This year we started a special savings account were we accrue money for our dream – a camper van. I hope to further reduce our monthly expenses with this account (reducing costs to save more for the van).

    My next area were thinking about money produced results is our dividend portfolio. I aim for a 600k portfolio and 4 % dividend yield. Almost no quality stock has 4 % yield at the moment. So I mostly sell puts with a lower strike price and collect some premiums. I’m already at a yearly return of 16k out of a nominal portfolio size of 235k (average yield 6,8 %). This yield will go down, as new investments will have a much lower yield. Nevertheless the progress is fantastic.

    • Financial Independence 12:05 on 2016-12-26 Permalink | Reply

      I keep our financial independence separately from the wife’s pension. More over I actively encourage her to contribute her maximum amount she can at her work pension.
      Pensions are protected from bankruptcy, create her good feeling and allows me to do some real life benchmark. I do not think we will be able to retire any earlier than ordinary people unless something changes dramatically.


      • eurfi 0:04 on 2016-12-27 Permalink | Reply

        I assume the “dramatic changes” have to occur on the side of the expenses. 66k is quite a bit! But I know: This is easier said than done. (A few days ago I learned that our FI expenses will be at least 300 Euros a month higher – I will blog about it soon.)


  • eurfi 20:13 on 2016-09-01 Permalink | Reply  

    August 2016 – net worth and expenses 

    This month looks like an impressive jump (+8 %), but over 21k of the gains is from terminating a pension contract. I will be terminating another one at the end of the year and two more next year. All of these will lead to around 600 Euros less in expenses! We do not need this money with 65, we need it now. The less we spent, the more we can save and the earlier we can reach financial independence.

    • brokerage accounts 280.6k (+0.9k)
    • ETFs 8.7k (+0.8k)
    • cash 59.7k (+34.9k)
    • alternative investments 19.9k (-11.0k)
    • taxes -27.3k
    • total 341.6k (+25.3k) [+8.0%]

    My goal for the end of the year is 360k. This means I need to make around 4k each month with our investments. This is possible, but the market has to cooperate. 😀

    Monthly Expenses

    • January 2.8k
    • February 2.6k
    • March 3.4k
    • April 3.7k
    • May 3.3k
    • June 3.2k
    • July 2.9k
    • August 2.6k

    August was a quiet month – I like it like that. We bought some stuff, so even below 2.5k would have been possible. We have a vacation coming for September (and a lot of driving), so I’m afraid we might be over 3k again.

    Camper Van Saving Account

    • July 2.2k (monthly savings 37 Euros)
    • August 2.6k (monthly savings 165 Euros)

    Like I hoped last month, this month our no-longer-expenses have 3 digits (almost 165 Euros). The next big jumps will come in 2017.


    • spaarolifantje 22:59 on 2016-09-02 Permalink | Reply

      Are there disadvantages to terminating pension contracts? Do you have to pay fees? Or lose tax benefits?

      Personally, I’m in the Netherlands and I’m using my retirement investing options to fund my life after official retirement age, because using those accounts gives me nice tax benefits (42% of the investments are returned to me at tax time). Besides that, I also invest outside of retirement accounts to fund my life before official retirement age.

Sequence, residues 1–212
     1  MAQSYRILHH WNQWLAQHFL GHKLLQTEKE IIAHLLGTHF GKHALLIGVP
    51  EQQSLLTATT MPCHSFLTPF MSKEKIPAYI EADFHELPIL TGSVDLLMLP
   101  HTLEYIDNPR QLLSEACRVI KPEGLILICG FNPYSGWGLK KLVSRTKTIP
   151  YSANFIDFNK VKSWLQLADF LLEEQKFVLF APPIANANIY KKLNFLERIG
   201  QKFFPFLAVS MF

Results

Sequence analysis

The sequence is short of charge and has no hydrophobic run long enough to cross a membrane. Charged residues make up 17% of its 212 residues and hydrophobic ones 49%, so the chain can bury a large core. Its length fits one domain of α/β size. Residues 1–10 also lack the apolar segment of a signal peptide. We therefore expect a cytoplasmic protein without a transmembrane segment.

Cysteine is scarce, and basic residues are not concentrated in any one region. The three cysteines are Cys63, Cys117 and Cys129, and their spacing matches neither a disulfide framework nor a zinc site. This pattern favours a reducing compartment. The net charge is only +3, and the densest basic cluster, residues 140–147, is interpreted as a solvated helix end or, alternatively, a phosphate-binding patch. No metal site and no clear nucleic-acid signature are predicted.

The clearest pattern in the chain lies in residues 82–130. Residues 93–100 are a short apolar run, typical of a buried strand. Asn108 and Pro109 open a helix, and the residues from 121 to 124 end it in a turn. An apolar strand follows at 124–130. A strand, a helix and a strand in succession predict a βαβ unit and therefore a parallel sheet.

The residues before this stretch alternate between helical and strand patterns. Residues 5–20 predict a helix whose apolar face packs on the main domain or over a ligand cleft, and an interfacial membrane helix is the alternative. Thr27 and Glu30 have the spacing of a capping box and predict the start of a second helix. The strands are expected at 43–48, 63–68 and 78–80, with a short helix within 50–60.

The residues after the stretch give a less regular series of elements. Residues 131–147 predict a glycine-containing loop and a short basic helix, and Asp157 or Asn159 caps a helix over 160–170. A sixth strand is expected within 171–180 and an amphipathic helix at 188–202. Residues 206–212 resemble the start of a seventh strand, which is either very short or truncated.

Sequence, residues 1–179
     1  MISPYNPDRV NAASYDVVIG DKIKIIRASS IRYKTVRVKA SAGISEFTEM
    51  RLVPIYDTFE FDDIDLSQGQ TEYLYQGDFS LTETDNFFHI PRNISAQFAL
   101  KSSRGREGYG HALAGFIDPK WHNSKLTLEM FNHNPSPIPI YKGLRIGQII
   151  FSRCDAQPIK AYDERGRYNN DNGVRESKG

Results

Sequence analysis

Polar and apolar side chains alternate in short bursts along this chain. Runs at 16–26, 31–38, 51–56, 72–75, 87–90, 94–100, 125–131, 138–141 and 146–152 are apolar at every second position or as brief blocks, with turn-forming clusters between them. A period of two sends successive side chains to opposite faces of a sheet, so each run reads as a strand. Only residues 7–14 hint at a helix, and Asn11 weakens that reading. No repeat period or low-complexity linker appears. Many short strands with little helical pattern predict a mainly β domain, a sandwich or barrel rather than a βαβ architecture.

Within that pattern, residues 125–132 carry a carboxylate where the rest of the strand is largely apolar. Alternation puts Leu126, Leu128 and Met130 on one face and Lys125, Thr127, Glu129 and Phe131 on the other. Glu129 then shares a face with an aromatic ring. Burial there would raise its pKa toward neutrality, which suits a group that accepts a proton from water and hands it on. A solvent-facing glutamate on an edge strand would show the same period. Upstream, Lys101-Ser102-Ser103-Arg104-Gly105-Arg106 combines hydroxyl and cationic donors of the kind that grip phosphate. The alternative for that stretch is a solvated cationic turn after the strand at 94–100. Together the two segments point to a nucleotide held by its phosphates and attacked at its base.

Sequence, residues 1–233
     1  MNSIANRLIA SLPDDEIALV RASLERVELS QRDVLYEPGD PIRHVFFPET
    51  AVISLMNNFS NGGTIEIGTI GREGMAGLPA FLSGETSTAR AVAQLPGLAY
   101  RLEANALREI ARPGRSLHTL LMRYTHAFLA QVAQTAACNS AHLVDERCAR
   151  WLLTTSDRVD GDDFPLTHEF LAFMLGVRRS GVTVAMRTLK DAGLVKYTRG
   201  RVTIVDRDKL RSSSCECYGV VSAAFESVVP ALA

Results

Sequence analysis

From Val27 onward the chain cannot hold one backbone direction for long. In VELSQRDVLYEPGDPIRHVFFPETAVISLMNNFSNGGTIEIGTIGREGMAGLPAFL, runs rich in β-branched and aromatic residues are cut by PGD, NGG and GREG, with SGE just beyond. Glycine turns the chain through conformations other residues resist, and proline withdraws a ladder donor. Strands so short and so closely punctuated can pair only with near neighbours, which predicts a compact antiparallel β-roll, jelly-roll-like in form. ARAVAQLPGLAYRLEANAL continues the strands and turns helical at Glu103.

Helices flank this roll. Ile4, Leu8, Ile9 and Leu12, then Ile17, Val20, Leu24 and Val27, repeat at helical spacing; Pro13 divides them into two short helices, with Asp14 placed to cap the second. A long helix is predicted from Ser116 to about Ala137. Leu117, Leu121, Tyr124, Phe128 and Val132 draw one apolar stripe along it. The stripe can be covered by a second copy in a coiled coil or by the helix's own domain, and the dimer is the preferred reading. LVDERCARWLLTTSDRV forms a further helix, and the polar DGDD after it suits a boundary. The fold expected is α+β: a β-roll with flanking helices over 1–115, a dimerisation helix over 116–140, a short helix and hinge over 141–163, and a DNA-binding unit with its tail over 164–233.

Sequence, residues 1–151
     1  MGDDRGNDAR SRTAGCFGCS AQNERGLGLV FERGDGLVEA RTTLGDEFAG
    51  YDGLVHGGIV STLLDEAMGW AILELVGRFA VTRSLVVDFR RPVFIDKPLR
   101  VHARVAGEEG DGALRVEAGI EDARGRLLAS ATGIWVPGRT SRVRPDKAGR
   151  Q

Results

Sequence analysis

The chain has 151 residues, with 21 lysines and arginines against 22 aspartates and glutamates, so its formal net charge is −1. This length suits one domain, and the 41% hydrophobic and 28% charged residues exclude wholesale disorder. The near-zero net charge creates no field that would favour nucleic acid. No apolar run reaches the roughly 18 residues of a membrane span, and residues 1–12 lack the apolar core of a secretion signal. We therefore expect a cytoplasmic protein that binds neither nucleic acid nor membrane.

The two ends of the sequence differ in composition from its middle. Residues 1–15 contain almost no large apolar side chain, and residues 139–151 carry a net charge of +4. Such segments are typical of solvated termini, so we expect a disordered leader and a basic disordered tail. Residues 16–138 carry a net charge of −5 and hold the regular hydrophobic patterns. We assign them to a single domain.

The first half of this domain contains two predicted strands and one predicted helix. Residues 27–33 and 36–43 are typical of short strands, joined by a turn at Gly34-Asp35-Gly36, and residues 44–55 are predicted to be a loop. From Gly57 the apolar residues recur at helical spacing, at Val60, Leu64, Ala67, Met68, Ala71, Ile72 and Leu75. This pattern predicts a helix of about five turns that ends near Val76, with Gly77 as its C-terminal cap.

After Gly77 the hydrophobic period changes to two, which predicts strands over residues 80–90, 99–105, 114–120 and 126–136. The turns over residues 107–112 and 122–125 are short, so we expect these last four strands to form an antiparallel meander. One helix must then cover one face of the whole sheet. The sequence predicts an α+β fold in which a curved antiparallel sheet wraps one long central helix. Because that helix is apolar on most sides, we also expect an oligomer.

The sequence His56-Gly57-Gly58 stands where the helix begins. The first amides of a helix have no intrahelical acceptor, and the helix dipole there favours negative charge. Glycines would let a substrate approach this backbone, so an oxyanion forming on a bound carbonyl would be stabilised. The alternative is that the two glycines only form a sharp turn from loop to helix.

So I see my retirement as two time periods: one before official retirement age, to be funded from regular investments and savings, and one after official retirement age, to be funded by social security and my official retirement accounts.


      • eurfi 10:59 on 2016-09-03 Permalink | Reply

        These were private contracts, a blend between investing and insurance. For a lack of a better word I called it “pension contracts”.
        They have a very high fees, so it was a mistake signing them in the first place. But this was years ago and I didn’t know better back then. Today I would never sign them in the first place.
        The gains were tax free, but what benefit is this if the gains are minuscule?

        I could approach it like you: early retirement and regular retirement. I’m aiming for not touching principle. So I would like to generate 2k per month in income, without selling stocks or ETFs. Then regular retirement income (which we will also get) is nice, but not important. I would rather have the money now, instead of in 25 years.


  • eurfi 22:46 on 2016-08-22 Permalink | Reply  

    Dividend Portfolio – Part 2 

    Last month I started my Dividend Portfolio using options. Since then I sold puts on VZ, VFC, TGT and GM with annualised yields between 4.6 % (VFC) and 7.9 % (GM). This yield is higher, if my strike price is nearer to the current stock price. All these options expire in January 2018.

    Today I sold puts on PSX relatively close to the money (stock at 77, strike 75) and with a much shorter duration (October 2016). The annualised yield is much higher (16 %), but I can only do this for stocks I would buy for the current price (because there is only little distance between the current stock price and the strike price of the option). Currently I do not find a lot of stocks that I consider attractive priced.

    Before today’s transaction my annualised yield of the whole portfolio was 5,6 % and I needed 430k to achieve my goal of 2k a month with this yield. After today’s transaction my annualised yield jumped to 7 % and my needed investment down to 340k. What a difference!

    Of course, if I can not reach the same yield in October, these numbers will go back to the previous level.